Wins The Turner Prize

  • Published on

  • View

  • Download

Embed Size (px)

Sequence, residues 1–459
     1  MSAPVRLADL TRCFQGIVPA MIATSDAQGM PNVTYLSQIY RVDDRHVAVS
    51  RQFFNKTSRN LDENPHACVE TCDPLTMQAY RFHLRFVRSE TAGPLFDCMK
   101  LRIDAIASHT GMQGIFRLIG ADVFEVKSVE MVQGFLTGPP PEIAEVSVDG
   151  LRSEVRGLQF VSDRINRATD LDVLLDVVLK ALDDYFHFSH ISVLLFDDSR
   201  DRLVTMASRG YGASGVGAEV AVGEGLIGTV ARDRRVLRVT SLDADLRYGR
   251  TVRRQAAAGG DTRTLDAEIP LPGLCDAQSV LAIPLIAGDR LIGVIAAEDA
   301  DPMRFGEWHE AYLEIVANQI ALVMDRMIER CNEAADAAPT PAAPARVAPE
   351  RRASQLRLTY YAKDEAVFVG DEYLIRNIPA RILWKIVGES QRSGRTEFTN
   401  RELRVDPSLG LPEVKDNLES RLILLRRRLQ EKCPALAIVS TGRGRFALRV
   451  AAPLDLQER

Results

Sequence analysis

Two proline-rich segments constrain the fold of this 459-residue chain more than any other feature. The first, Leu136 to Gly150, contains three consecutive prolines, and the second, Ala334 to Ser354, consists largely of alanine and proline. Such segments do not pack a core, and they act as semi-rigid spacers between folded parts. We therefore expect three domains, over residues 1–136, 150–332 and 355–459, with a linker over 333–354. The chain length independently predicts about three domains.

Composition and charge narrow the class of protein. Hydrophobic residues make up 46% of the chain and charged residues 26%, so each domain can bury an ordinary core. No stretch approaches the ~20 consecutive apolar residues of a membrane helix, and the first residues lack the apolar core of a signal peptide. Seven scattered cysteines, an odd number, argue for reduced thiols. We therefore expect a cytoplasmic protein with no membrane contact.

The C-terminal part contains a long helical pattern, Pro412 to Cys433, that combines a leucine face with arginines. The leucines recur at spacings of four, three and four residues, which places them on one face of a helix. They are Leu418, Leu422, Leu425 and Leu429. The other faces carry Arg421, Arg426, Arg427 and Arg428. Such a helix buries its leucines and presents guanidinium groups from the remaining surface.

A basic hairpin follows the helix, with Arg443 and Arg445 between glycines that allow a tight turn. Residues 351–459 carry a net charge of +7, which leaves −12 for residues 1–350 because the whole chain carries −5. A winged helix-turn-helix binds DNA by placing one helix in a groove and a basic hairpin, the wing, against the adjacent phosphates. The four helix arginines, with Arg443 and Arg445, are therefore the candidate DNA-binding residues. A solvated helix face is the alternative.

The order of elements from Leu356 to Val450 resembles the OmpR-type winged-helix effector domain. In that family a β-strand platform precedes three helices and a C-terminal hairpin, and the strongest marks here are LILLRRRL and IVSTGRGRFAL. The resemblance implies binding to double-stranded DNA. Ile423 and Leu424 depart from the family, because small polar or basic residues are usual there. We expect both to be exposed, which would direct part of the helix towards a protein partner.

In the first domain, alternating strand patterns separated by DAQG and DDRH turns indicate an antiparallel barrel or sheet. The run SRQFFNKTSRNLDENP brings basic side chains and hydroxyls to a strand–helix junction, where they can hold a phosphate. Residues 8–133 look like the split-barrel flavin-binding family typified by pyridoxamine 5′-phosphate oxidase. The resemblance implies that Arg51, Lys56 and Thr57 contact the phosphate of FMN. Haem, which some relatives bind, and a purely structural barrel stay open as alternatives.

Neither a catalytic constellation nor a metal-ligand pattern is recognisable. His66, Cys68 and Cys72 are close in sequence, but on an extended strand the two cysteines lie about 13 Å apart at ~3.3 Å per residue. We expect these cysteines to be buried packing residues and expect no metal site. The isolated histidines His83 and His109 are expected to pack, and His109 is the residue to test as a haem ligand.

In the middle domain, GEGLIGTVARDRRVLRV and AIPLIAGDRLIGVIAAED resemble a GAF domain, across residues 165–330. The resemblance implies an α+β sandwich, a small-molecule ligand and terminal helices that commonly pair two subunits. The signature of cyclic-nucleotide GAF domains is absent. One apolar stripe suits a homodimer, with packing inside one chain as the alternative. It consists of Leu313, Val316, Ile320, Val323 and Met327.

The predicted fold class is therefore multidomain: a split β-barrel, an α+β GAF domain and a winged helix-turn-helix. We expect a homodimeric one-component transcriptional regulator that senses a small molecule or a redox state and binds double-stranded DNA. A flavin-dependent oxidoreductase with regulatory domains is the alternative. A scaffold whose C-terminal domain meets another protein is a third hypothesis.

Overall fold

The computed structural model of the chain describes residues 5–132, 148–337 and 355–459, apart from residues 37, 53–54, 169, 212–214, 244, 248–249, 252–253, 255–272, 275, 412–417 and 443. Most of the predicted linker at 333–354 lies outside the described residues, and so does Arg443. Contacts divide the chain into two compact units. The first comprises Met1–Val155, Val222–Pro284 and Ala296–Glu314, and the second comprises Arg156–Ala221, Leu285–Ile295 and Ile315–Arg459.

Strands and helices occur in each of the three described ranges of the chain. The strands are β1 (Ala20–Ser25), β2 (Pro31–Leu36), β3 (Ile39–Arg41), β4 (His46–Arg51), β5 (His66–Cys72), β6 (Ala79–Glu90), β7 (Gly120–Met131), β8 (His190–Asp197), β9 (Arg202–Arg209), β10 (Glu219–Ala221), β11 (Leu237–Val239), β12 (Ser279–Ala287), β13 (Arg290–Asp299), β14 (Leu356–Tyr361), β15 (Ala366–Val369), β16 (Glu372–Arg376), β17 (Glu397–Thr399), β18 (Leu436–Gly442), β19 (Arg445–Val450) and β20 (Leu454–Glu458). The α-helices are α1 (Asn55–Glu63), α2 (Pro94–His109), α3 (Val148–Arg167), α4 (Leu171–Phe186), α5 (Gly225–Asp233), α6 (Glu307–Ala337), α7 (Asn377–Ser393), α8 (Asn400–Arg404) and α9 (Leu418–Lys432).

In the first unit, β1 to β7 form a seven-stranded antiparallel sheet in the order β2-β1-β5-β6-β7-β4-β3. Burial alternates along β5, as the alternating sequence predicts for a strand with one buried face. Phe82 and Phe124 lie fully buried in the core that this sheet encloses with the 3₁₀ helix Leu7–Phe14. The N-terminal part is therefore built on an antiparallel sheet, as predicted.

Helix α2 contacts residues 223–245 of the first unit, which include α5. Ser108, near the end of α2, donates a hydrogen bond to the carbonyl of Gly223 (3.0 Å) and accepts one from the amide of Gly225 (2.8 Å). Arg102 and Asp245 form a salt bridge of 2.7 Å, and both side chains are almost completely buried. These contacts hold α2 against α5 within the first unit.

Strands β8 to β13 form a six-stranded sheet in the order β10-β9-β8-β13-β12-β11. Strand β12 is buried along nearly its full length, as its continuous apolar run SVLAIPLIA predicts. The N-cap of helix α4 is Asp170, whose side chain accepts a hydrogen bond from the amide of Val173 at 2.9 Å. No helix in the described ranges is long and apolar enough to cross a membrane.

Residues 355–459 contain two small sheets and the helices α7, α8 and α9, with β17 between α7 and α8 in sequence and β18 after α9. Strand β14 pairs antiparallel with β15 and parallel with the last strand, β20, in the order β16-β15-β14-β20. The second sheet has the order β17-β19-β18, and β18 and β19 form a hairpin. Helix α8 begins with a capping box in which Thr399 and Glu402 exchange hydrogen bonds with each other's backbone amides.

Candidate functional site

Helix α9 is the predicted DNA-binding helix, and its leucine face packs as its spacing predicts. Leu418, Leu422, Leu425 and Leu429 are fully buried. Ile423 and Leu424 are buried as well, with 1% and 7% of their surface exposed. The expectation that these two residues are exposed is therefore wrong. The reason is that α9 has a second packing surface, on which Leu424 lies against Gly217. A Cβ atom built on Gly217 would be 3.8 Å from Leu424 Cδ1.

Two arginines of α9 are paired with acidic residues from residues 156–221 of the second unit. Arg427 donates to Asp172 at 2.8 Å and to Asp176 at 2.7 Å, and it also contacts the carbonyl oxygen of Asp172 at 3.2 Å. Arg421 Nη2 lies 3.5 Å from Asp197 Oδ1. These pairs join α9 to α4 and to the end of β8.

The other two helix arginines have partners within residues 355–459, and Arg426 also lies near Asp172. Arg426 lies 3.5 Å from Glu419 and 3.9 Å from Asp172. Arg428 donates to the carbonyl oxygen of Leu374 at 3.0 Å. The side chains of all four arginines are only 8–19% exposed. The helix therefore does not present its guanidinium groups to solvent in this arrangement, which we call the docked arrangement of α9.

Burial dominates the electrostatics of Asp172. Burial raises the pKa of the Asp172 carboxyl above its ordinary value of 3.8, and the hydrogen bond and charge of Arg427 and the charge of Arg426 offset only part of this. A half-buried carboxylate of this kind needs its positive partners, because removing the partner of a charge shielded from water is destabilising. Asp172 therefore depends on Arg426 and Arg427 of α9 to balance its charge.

<p>The Magazine for aluMni and friends of The University of Ulster</p> <p>WinTer 2010</p> <p> issue 33</p> <p>CoVer sTorysusan Philipsz, Mfa (1994) wins the Turner Prize with her sound installation lowlands</p> <p>also inside your ulsTer graduaTe</p> <p>University newsevents and reunionsPeoplesport</p> <p>supported by</p> <p>Contentsnews featured Article</p> <p>A word from the editor...</p> <p>People</p> <p>sport</p> <p>Development news</p> <p>Alumni events</p> <p>feature story</p> <p>2022</p> <p>24</p> <p>33</p> <p>35</p> <p>The Main event</p> <p>Turner Prize winner susan Philipsz</p> <p>Class notes</p> <p>honorary graduates</p> <p>Boxing Clever eamonn oKane</p> <p>4 university news</p> <p>Kris, Co-director of life Photography in Coleraine, has been awarded the coveted title of uK Creative Wedding Photographer 2010.... </p> <p>Cover photographsound artist susan Philipsz, winner of this years Turner Prize.</p> <p>Published byThe alumni relations office, university of ulster,newtownabbey, Co antrim, BT37 0QB.</p> <p>Tel: 028 7012 3456 (switchboard), or028 9036 8350 (direct line) fax: 028 9036 6085email:</p> <p>randox fellowship in Personalised Medicine</p> <p>development news</p> <p>10</p> <p>12</p> <p>editor: sue rees, alumni relations ManagerProduction editor: Peter hough, Corporate Communicationsdesign: Mammoth.tvPrint: W &amp; g Baird ltd Photo credits: John harrison, istockphoto, nigel Mcdowell, Martin McKeown, alastair nevin, susan Philipsz, Maurice Thompson and Taavetti alin. Thanks to all contributors who submitted photographs.</p> <p>Views expressed are those of the contributors and not necessarily of the university. The university of ulster regrets that it cannot accept responsibility for any claim whatsoever which may arise out of advertisements carried in good faith.</p> <p>Past events</p> <p>Pathfinders in intelligent Worlds</p> <p>events 2011</p> <p>15</p> <p>18</p> <p>16</p> <p>Boxing Clever35 Commonwealth games boxing star </p> <p>eamonn oKane explains how a sports scholarship was the key to his success</p> <p>Welcome to issue 33 of The Ulster Graduate. We hope that you like the new style, in which we have incorporated many of your suggestions to ensure we produce a magazine that is interesting, informative, and an attractive and enjoyable read.</p> <p>as always we include a roundup of university news, information on past and forthcoming events, and stories about many of our graduates and staff. our research showed that you wanted some longer feature pieces, and the theme of this edition is The future with a focus on our intelligent systems research Centre at Magee a world-leading centre for excellence.</p> <p>in these pages, you can also read about ways in which donors to the university have helped to enhance our teaching, research, and the student </p> <p>experience. This includes the new Centre for advanced Cardiovascular research (page 9), the randox fellowship in Personalised Medicine (page 10), and the work of the alumni fund (page 12). at a time of reduced public funding, donations to the university will play an increasingly important role and we hope that our alumni and friends will play their part in supporting us. ulster has many strengths, not least in sport and the visual arts and we celebrate graduate eamonn oKane who won a gold Medal at the Commonwealth games in delhi on page 35, and Mfa graduate susan Philipsz, the winner of this years Turner Prize. Two alumni from Ba hons fine and applied arts are also featured on page 34 for their achievements.</p> <p>We do hope that you enjoy reading this issue, and look forward to receiving your feedback. dont forget to keep us updated with your contact details, especially your email address, so we can keep you informed of news and events. you can use the carrier sheet or go online at</p> <p>Kris &amp; emma dickson, Class notes Pg26</p> <p>News</p> <p>space Age</p> <p>Personal experiences at sea</p> <p>researching research</p> <p>Roy Sterritt, computer scientist and sometime Star Wars fan, has had research adopted by NASA.</p> <p>ulster researchers are working with colleagues in dublin and edinburgh on a unique project digitising the records of the experiences and traditions of gaelic-speaking fishing communities.</p> <p>lecturer roy sterritt, after receiving a nasa Patent application award and a Patent plaque at the nasa goddard space flight Centers new Technology report Program ceremony in Mitchellville, Maryland.</p> <p>Whether youre interested in the evolution of soccer in africa, the biometry of the iris, new directions in transitional justice or developments in carbon nanotube technology, theres a new way to find out about the latest university of ulster research.</p> <p>The ulster institutional repository (uir) was launched via the website in august 2010. This open access digital archive contains details of research produced by university staff and researchers in the arts, humanities and sciences, and it is freely accessible to the research community and the public. The uir has proved to be a big success with almost all researchers having deposited details of their research outputs. To date our researchers have deposited details of almost 10,000 research outputs ranging from journal articles, to authored books and artefacts, with more being uploaded every day.</p> <p>The uir forms the official record of the universitys research publications and outputs and will be a valuable resource for researchers internationally.</p> <p>for more information:</p> <p>The us space agency has been granted a patent on work by the Jordanstown-based informatics lecturer and is using his autonomic software engineering methods in its ground-control systems. Current thinking among space scientists foresees a future in which swarms of small craft will replace single-craft missions.</p> <p>roy collaborated with nasa scientist Mike hinchey to devise programs that could make small robotic craft self-directing and self-controlling, and also self-destructing if their autonomous behaviour were </p> <p>to threaten the safety or technical aims of the mission.</p> <p>he uses principles of autonomic and apoptotic computing. roy explains:</p> <p>autonomic computing is based on the idea of the autonomic nervous system in the human body and apoptotic computing on how multi-cellular organisms function. it is biologically inspired computing and an approach to computer development that aims to create reliable systems modelled on self-managing biological systems like the human body.</p> <p>news5 </p> <p>The two-year study aims to reveal more about the daily lives and customs of irish and scottish gaelic speaking coastal communities, and make the information available online.</p> <p>dr Maxim fomin and Professor samus Mac Mathna from the research institute for irish and Celtic studies are examining maritime memorates personal accounts of experiences at sea by fishermen, boatmen, foreshore gatherers and beachcombers that were collected from the end of the 19th century to the present and are now stored in the school of scottish studies archives (edinburgh) and national folklore Collection (dublin).</p> <p>funded by the arts and humanities research Council, the 200,000 study also involves university College, dublin and the university of edinburgh.</p> <p>for more</p> <p></p> <p>Hewitt online HotlineWork is well advanced on the creation of a digital archive of works by John hewitt, one of ulsters most influential 20th century poets. The first phase of the John hewitt online Collection has been completed and is accessible, along with details of the associated ulster Poetry Project, at</p> <p>The collection comprises a personal archive that was bequeathed to the university following hewitts death in 1987. it is housed at the universitys library in Coleraine. </p> <p>hewitt influenced a generation of poets who followed in his footsteps, including seamus heaney, derek Mahon and Michael longley.</p> <p>his keen observation of ulster life and landscape and his work as a literary critic and book collector made him a leading figure in northern irish writing. </p> <p>as a champion of the vernacular poetry of ulster, he was a literary pioneer who preserved and celebrated dozens of poets and texts. </p> <p>The collection contains more than 5,000 books and journals, including rare volumes, poetry notebooks, a copy of hewitts unpublished autobiography, radio scripts and first editions of virtually every collection of irish poetry since the 1950s.</p> <p>Project leader dr frank ferguson says it is one of the most significant collections in the uK and ireland of modern and contemporary irish literature. he says: </p> <p>The digital online archive will provide a unique resource for anyone interested in Irish poetry, modern Irish culture, history and folklore.</p> <p>reseArCH roUnD-UP</p> <p>Ulster researchers have been making the news since The Ulster Graduate 32. Here is a selection of some key stories. For more information on research, see</p> <p>News</p> <p></p> <p>news</p> <p>Collaborative research at ulster is set on a fresh course as a result of high-profile trans-atlantic support.</p> <p>The influential us-ireland research and development Partnership has given its approval to two major nanotechnology projects.</p> <p>it marks a new departure for the university as these are the first projects to be funded under the recently established organisation, which is guided by a steering group comprised of senior representatives from northern ireland, the republic of ireland and the united states.</p> <p>Green lightThe projects involving scientists at the nanotechnology and integrated Bioengineering Centre (niBeC) will have global benefits in clean water and ecosystems and were assessed and given a green light by the prestigious national science foundation (nsf).</p> <p>niBeC director, Professor Jim Mclaughlin, says: </p> <p>The two collaborative initiatives between us, roi and ni universities have been funded by the national science foundation, science foundation ireland and department of employment and learning (ni) / invest northern ireland.Both projects were reviewed at the </p> <p>highest level by a set of nsf panels, which is a reflection of the high quality of the research that is to be undertaken by these groups. at niBeC we are very proud to be part of such prestigious projects, particularly as we have had strong relationships with us and roi universities over many years. The ulster research element is worth about 700k, out of overall funding of nearly 2 million. </p> <p>Global warmingProfessor Mclaughlin and his niBeC colleague Professor Paul Maguire are working with oceanographers at nui galway and scripps institution of oceanography, usa, to develop a miniaturised microsensor system that will keep track of changing levels of carbon deep in the oceans. The satellite-linked monitoring system will measure chemical changes in seawater that are being caused by global warming. The microsensor will perform remote and continuous measurement of dissolved inorganic carbon in seawater at 100 metre intervals down to depths of 2 km and then transmit the data to a satellite for analysis by ocean researchers.</p> <p>Professor Mclaughlin said: our aim is that it will provide the first autonomous vertical profiles of total carbon in the upper 2 kms of the ocean. This will also be a major step in the development of a new generation of tools that are needed to help us get a better understanding of annual cycles of carbon in the ocean.</p> <p>toxin removalniBeCs dr Tony Byrne and dr Patrick dunlop are working with researchers from the university of Cincinnati, florida international university and dublin institute of Technology on development of clean technologies for the treatment of water.</p> <p>They aim to utilise solar-driven catalysts to remove toxins from water that are caused by algae bloom, which sits like a green or red blanket on the water surface and can harbour cyanobacteria that produce and release a variety of extremely dangerous toxins. </p> <p>for more information:</p> <p>from left: Professor Jim Mclaughlin, Professor Paul Maguire, dr Patrick dunlop and dr Tony Byrne</p> <p>Backing for Water Projects</p> <p>People with learning disabilities suffer from significantly more health problems than the general population.</p> <p>They are also much more likely than others to have significant health risks and major health problems, according to research by the nursing research institute presented at the British Psychological society, division of health Psychology Conference in Belfast.</p> <p>dr laurence Taggart said the findings highlighted the need for improved health promotion for people with learning disabilities, saying:</p> <p>Part of the reason the health outcomes of this group are poor, is that people with learning disabilities are often very reliant on both informal and formal carers to promote healthy lifestyles and to make healthy choices on their behalf. however, professional and family carers may not always be fully aware of the importance of health promotion activity for people with learning disabilities.</p> <p>Team colleague dr Wendy Cousins said: </p> <p>People with learning disabilities are living longer than ever before. The aim of health promotion is to enable them to live healthier lives too so we have to look at new and different ways to promote a healthier lifestyle to them.</p> <p>for more information:</p> <p>learning Disability risk</p> <p>Helping Prevent stillbirtheach year in the uK approximately 4,000 babies are stillborn around one in every 200. Many bereaved mothers say that in the days leading up to the stillbirth, the pattern of their babys movements seemed to decrease and the baby did not move around or kick as much as usual.</p> <p>scientists at the intelligent systems research Centre (isrC), QuB and the royal Jubilee Maternity hospital, Belfast are developing a high-tech mobile foetal surveillance system, which could help prevent stillbirth by alerting doctors when a babys life is at risk. Careful monitoring of a babys movements in the womb could provide an early warning if a baby is at risk of stillbirth. This in turn would alert doctors and they could intervene at an earlier stage and possibly save the babys life.</p> <p>ultrasound scans are already widely used to monitor a babys movements in the mothers womb and the isrC team are currently developing sophisticated computer programs to analyse the moving images obtained from ultrasound scans to assess the wellbeing of the baby in the womb.</p> <p>dr Condell explains:</p> <p>researchers are taking ultrasound scans of healthy women, who are </p> <p>five to six months pregnant and recording what they see. ultrasound scans provide moving pictures of the babies in the womb and researchers are assessing whether it is possible to recognise and analyse the babies movements using state-of-the-art computer programs, which incorporate pattern-recognition software. similar software is...</p>